Background: Several types of cancer treatment interfere with male and female fertility or can complicate pregnancy. Rates of birth defects and cancer have also been studied in the offspring of cancer survivors. Little is known, however, about the impact of a history of cancer on survivors' attitudes, anxieties, and choices about having children of their own.
Procedure: We review the relevant literature on cancer survivor's concerns about infertility and childbearing and propose areas for future research.
Results: We generate several hypotheses, including that cancer survivors will be more distressed than infertility patients without a major medical disorder, that survivors diagnosed in adolescence will have the most anxieties about parenthood, that women will be more distressed over infertility and more concerned about their children's health than men, that survivors who rate their overall quality of life more negatively will be less concerned about infertility and more apt to decide to forego parenthood, that survivors of inheritable cancer syndromes will have more distress about childbearing issues than other survivors, and that survivors who do have children after treatment will perceive them more positively than do parents who have not confronted cancer.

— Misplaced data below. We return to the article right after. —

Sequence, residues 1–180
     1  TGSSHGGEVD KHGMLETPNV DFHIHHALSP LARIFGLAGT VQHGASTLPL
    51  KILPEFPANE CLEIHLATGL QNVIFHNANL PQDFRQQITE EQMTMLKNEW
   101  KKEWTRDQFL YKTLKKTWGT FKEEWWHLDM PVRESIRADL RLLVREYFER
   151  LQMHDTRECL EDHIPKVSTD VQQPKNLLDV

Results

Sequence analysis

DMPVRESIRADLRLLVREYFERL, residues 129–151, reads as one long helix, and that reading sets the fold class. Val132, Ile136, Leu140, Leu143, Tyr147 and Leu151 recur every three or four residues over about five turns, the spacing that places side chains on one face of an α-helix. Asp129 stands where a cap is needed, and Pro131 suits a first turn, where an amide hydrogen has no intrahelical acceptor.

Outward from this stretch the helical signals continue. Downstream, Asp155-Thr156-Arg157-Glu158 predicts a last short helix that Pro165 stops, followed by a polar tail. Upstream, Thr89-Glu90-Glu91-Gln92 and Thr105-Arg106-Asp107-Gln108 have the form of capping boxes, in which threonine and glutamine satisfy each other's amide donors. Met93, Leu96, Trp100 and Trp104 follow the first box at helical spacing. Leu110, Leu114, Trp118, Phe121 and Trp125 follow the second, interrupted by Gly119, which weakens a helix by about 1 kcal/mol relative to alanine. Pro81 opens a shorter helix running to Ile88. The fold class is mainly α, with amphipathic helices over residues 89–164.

Conclusions: Research on the emotional aspects of infertility after cancer and on the factors that influence survivors' decisions about having children assumes increasing importance with the growth in number of survivors of reproductive age.